Team Malizia and climate activist Greta Thunberg are on their way across the Atlantic expending minimal CO2 emissions, a journey that aims to change the mindset of people around the world.
More than 3,000 miles and not a single drop of gasoline; well, that’s the plan anyways. On the afternoon of August 14, Team Malizia, skippered by Pierre Casiraghi and Boris Herrmann left Plymouth, UK, and set sail for New York City. On board the high-tech racing yacht is the 16-year-old climate activist that has been taking the world by storm, after her incredible persistence in addressing the issue of climate change. In an effort to avoid extremely high carbon emissions from air travel, Swedish-born Greta Thunberg chose to make the two-week transatlantic journey via sailboat to attend the upcoming UN climate summits in New York and Chile.
One might recognise her from the iconic covers of Time and GQ magazine. Greta was recently announced as the Game Changer of the Year. Her story starts with a school strike for climate last year which sparked a global movement, where Greta refused to go to school until her demands are met by the Swedish government, some of which being that they align with the Paris Climate Agreement. She now strikes every Friday, followed by millions of students worldwide.
She has addressed world leaders at conferences hosted by the UN, Davos and British Parliament, her message clear throughout: ‘To do your best is no longer good enough.’ We have ten years, she often says in her speeches, to stave off a chain reaction that will forever alter the future of our planet.
Torqeedo, the world leader in electric boating, has provided electric support vessels to help Team Malizia leave the dock and travel safely out of the harbour to avoid using the small onboard engine. Millions around the globe will be following the team on their journey west. Sailing across the Atlantic in August, against prevailing winds, is an adventure. But this trip is also a powerful symbol showing us that it is indeed possible to switch to climate neutral mobility. The challenge may still be substantial, but the technology required to do this exists and is maturing every year.
“Convincing governments and international institutions to enforce laws that will protect mankind and biodiversity is of the utmost importance for the future of humanity”, says Pierre Casiraghi, founder of Team Malizia and co-skipper. “Team Malizia and I are proud to take Greta across the Atlantic in this challenging mode of transport. Unfortunately, sailing is still the only way to do so without fossil fuel emissions. Hopefully this will change in the near future.”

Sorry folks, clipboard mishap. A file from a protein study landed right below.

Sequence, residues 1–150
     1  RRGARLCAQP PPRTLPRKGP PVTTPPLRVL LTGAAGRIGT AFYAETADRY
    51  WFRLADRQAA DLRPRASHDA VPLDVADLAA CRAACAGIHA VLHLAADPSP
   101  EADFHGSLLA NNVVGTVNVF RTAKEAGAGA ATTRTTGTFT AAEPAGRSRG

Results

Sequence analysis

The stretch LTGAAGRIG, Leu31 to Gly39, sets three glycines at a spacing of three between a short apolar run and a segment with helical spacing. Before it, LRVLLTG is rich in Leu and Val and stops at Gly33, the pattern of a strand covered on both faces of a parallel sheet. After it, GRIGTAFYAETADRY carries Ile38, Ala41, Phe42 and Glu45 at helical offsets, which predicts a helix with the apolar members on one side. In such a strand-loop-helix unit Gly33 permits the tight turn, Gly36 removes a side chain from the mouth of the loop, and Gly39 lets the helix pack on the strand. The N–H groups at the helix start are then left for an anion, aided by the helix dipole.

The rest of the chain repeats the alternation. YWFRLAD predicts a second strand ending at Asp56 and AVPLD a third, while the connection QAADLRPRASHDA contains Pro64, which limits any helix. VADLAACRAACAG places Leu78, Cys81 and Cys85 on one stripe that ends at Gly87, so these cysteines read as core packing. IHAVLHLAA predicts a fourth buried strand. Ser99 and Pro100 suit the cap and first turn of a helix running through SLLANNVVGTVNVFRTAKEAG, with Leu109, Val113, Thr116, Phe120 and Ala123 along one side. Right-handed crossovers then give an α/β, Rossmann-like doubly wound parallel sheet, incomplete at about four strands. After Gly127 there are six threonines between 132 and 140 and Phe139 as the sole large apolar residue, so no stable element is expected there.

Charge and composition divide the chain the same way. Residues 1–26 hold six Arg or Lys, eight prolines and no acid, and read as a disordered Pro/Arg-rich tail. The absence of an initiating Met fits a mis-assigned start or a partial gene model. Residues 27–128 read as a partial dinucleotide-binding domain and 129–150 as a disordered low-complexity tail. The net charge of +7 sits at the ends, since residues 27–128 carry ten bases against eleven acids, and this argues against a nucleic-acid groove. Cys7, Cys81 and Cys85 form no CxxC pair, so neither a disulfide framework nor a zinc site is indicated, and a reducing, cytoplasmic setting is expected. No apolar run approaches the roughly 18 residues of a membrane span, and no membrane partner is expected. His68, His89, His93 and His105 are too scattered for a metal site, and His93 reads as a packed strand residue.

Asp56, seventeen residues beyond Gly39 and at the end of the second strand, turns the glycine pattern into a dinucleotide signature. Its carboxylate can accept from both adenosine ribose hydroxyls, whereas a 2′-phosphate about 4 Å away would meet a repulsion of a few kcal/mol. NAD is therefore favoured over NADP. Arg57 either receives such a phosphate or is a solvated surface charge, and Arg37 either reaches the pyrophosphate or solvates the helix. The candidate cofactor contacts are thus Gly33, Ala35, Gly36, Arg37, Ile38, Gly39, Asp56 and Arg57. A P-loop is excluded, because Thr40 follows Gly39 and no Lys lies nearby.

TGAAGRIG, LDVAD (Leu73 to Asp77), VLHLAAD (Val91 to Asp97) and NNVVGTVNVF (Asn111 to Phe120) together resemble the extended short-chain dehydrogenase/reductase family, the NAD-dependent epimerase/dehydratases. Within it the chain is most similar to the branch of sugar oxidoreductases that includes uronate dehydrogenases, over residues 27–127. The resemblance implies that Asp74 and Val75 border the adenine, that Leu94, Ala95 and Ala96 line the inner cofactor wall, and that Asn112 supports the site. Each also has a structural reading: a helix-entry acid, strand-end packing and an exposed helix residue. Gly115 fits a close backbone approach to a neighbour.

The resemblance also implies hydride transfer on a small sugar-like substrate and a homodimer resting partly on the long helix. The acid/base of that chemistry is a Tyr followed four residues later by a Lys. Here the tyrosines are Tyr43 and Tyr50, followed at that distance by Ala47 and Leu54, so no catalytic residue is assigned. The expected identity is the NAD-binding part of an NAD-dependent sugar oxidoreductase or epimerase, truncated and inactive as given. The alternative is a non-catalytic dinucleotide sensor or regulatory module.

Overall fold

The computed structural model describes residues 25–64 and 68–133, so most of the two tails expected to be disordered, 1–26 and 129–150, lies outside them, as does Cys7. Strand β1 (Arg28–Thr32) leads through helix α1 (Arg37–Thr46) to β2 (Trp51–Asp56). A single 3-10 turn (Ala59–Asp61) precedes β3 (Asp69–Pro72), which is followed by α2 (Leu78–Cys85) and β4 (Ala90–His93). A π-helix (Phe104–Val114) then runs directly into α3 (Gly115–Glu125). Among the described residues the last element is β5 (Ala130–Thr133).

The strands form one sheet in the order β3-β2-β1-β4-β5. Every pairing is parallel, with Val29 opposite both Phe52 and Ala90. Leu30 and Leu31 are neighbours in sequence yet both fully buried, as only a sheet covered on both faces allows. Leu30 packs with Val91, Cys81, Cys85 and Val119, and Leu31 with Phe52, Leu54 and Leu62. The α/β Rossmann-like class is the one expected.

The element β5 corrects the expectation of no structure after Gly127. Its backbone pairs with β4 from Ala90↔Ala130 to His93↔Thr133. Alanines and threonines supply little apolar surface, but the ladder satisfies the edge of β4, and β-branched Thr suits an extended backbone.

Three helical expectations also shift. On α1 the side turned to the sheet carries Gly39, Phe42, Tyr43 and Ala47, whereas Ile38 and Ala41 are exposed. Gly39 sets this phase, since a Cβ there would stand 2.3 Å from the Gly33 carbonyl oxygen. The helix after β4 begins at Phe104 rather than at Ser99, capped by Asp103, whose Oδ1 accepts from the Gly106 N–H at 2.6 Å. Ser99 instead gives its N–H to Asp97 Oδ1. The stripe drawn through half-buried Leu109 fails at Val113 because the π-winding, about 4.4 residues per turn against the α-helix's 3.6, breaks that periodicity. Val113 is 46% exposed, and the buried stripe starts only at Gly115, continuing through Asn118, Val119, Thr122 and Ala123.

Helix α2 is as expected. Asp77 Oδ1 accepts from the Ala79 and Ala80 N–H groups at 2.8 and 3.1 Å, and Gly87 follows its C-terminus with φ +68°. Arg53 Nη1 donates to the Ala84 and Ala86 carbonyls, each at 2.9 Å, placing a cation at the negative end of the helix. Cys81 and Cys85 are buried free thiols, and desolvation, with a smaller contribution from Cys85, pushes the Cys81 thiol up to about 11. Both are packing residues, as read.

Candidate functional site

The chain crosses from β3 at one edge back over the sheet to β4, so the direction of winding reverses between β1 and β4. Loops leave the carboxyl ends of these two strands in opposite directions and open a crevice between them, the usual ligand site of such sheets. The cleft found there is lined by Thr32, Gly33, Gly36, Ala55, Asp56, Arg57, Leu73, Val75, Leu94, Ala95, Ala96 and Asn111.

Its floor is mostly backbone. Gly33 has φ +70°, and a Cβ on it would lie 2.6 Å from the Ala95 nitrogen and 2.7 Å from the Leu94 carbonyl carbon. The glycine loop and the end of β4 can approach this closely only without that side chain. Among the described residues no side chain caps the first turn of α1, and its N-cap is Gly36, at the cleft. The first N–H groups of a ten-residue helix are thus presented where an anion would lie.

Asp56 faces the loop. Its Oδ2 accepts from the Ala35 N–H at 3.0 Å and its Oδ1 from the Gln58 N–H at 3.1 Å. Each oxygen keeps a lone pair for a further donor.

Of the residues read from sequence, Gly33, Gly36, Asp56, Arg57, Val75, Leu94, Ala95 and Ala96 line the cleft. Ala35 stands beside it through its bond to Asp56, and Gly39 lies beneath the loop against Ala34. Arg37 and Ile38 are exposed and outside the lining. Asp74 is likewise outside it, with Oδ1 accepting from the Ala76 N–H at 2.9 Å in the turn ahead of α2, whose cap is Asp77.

As estimated by the non-profit Atmosfair, a round trip between the UK to New York by plane contributes to almost half of the average yearly carbon footprint per person in the EU. While avoiding air travel is a powerful way to reduce carbon emissions, marine combustion engines also emit high levels of reactive gases.
Team Malizia is deeply involved in the fight against climate change and this is reflected by the technological set up: the foiling sailboat is equipped with solar panels and underwater turbines to generate electricity during the journey (the onboard engine will only be used in emergencies). Torqeedo-powered electric boats assist Team Malizia with docking, towing, passenger transport and general harbour support that would typically be provided by combustion-powered boats.
Each day, up to 2,500 planes fly across the Atlantic. Of course, not every one of the tens of thousands of airline passengers can sail across the ocean instead. But, the zero-emission transatlantic crossing could help to change our perspective on when air travel really is necessary, and which options are technologically feasible.
“Fighting the climate crisis requires that we all take a hard look at not only our individual choices, but also at the stands we choose to take as business leaders, as politicians and as citizens”, said Dr. Ballin, co-founder of Torqeedo. “We have the technology to build better, cleaner transportation, whether it’s over land, in the air, or on the sea. It’s time we do so.”